Friends began to visit the gardens, they brought their friends, and their friends brought other friends. Soon the garden opened officially three days a week. By the First World War, sightseers were flocking to the garden in tallyhos, on horseback, aboard country trolleys. Now, Jennie flung her garden gates wide open… and left them open seven days a week.

When strangers peered in the windows of Benvenuto, friends would suggest to Jenny that she should charge admission. “Oh no” she’d reply, “the flowers are fleeting. Why shouldn’t people enjoy them? They’re free for all.” Only one sign asked for ‘privacy’, and still does today. Enclosed by white lattice, it was Jennie’s one retreat – her private garden.

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Bob contributed to the thrilling panoply with rare birds, peacocks, pearl breasted pigeons, English and Mexican canaries, water fowl and German bullfinches trained to whistle. He imported 565 Japanese cherry trees to lavishly line the public road to the estate. At the time, its ‘beauty second only to Potomac Drive’ in Washington DC.

The entrepreneur expanded into timber, steamships, shipbuilding, coal, hardware and trusts. He had one of the first automobiles on Vancouver Island and followed it up with imported European and luxury models. With his chauffeur often in the back seat, Bob was known to cruise at breakneck speeds. When he reached eighty, his concerned wife convinced the police to revoke his driver’s license.

It’s said that Bob had the bearing of a distinguished officer, but it seems the self-made millionaire enjoyed life with a wry sense of humour: games of rummy with his servants, given to piping melodies from his beloved pipe organ into The Italian Garden to serenade lovers on evening strolls, offering a doctor who had performed an operation part cash and part world travel for payment… the doctor took him up on it!

It’s reported that in contrast to her husband, Jennie was ‘as blunt as an Irish washerwoman’. Just over five feet, she was a force to be reckoned, one who cared more about the colour flow of her gardens than the cut and fashion of her dresses. Who can blame her that overalls and a straw hat were her preferred garb. She was an excellent storyteller, loved a good earthy joke… she was generous and kind. Each week, a gardener would don high rubber boots, wade into the wishing well to fish out the coins that visitors had cast in. Wheelbarrowed over to Jennie as she sat on her sun porch, she would help package the coins to donate to charity.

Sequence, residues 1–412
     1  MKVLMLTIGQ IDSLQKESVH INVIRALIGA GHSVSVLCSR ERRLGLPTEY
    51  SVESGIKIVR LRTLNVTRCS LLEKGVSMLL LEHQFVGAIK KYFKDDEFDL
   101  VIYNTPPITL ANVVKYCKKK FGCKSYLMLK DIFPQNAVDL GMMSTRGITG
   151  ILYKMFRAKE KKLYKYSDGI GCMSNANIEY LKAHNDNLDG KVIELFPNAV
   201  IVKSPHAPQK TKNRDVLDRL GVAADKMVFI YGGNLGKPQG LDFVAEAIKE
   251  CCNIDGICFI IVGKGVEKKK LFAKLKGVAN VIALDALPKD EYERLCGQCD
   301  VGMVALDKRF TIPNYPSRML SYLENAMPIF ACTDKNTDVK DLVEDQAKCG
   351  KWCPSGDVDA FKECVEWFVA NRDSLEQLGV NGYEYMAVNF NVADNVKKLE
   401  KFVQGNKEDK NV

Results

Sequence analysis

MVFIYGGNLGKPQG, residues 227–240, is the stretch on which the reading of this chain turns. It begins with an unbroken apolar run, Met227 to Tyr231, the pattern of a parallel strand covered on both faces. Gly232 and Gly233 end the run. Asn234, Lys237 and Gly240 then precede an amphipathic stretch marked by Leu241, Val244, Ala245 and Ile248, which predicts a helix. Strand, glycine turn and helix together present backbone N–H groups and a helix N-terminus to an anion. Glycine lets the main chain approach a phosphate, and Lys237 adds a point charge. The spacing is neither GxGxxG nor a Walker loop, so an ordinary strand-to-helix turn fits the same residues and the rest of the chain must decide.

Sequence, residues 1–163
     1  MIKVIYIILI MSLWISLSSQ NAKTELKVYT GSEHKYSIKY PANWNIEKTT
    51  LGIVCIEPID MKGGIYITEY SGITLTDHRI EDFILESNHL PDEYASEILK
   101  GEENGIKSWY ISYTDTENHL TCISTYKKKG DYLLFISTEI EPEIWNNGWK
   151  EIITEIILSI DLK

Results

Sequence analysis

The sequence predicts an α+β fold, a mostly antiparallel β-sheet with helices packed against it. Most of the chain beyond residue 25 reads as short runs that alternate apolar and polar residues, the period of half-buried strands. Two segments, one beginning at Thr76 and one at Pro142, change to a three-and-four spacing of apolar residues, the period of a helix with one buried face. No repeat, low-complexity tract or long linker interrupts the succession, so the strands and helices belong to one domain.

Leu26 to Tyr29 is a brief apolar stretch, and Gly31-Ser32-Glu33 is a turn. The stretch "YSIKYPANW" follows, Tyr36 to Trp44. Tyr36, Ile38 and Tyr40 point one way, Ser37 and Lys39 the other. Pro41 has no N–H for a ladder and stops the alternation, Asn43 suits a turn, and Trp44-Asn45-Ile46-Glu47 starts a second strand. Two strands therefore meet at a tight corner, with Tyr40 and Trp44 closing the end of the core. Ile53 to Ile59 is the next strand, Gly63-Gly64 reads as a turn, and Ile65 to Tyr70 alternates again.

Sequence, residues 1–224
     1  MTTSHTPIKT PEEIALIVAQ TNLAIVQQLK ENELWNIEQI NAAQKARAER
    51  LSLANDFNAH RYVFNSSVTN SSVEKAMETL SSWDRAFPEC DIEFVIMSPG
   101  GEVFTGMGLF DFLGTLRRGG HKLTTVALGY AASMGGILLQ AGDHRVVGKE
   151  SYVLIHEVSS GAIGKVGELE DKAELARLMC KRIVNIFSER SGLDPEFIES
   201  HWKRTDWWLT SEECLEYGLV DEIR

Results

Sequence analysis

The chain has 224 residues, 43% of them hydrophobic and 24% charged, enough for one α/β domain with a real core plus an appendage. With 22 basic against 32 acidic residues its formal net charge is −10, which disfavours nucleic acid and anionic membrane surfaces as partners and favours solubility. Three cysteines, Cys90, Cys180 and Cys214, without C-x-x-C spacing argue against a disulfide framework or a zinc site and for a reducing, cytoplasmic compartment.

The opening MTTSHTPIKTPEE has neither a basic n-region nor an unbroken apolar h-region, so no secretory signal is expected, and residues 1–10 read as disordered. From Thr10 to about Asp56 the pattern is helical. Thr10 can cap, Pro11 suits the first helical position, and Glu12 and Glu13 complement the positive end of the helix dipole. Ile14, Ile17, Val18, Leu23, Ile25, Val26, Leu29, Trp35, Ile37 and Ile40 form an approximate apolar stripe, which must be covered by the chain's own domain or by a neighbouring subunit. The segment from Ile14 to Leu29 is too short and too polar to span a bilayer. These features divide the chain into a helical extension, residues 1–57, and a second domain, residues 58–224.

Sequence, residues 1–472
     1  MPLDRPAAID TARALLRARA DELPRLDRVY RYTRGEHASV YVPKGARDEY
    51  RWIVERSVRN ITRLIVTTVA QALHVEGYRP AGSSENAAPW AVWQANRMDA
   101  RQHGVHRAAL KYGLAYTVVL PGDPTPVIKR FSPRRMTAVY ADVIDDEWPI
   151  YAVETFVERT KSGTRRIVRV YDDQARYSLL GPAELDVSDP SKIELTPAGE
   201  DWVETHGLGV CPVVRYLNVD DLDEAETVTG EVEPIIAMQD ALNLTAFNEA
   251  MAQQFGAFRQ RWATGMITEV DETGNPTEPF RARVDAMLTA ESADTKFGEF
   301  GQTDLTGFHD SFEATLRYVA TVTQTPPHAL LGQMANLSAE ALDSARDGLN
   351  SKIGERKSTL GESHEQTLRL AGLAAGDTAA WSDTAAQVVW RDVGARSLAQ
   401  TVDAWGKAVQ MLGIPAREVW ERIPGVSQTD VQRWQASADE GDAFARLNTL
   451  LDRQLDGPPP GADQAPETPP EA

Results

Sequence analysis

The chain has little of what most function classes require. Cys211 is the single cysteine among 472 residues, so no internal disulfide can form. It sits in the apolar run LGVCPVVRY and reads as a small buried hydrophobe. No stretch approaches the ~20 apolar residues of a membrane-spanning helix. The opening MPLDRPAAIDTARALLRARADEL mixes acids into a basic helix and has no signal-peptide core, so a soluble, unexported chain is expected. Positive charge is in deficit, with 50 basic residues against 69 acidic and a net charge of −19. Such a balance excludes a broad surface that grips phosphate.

As the unpaid official welcomer for the city of Victoria, Jennie entertained dignitaries, conventions and whole army regiments. She hosted tea parties for the poor and the aged, and delighted in drawing word pictures of the flowers for the blind so they could envision them as they savoured their scents. Sharing the enchantment of her garden was Jennie’s gift. Even when, by 1915, some 18,000 people toured the gardens, she refused to charge admission.

During the ‘off season’, the Butcharts embarked on extensive world tours (today the gardens are open year round.) “It seems lonely when the crowds stop coming,” Jennie lamented and Bob agreed, “I can’t understand how some people shut themselves away from their fellow man. Why, I’m never lonely when I can see so many people enjoying themselves every day.”

In 1931 Jennie was recognised as Citizen of the Year by the City of Victoria. In 1938, the ownership of the gardens was transferred to their grandson, Ian Ross on his 21st birthday… it is still in the family today. In 2015, Jennie was inducted into the Business Laureates of British Columbia’s Hall of fame. Their motto – they built, we benefit – seems tailor-made for Jennie Butchart.

As I wandered the gardens, I mused that her spirit still graces the vistas; from the dramatic Sunken Garden to the whisper of maples gently rustling in the Japanese Garden from the dancing fountain to the riots of colour and the vivacious scents of the blooms. It’s recalled that during Jennie’s time, many visitors didn’t realise the property was a private garden. People plucked flowers and fruit from the trees – this meant fewer to give away to hospitals. A few were known to pilfer coins from the wishing well. A family dog and a garden peacock were carried off. When visitors carved their initials on various trees, Bob patiently designated a tree for that purpose alone.

Yet more often than not, their generous hospitality was repaid in kind. When the King of Siam visited, he invited the Butcharts to visit his palace in Bangkok. The following year, the travelling couple gladly took the King up on his offer, spending twelve days as his guests. The Butcharts lived well, both overseas and in their tucked-away haven on the Tod Inlet.

I vividly envisioned Jennie, weaving her way through her garden, luxuriating in the divine setting she had created. Perhaps this last anecdotal story, during the visit of an English explorer, portrays this inspiring lady at her finest.

“I know one flower you haven’t got,” the visitor piped up as Jennie showed off her 5000 varieties. “You don’t have the blue poppy of Tibet.”

Jennie slyly led the visitor to a bed of heavenly blue poppies. “Why that’s impossible,” the Englishman exclaimed. “I just discovered them myself in Tibet!”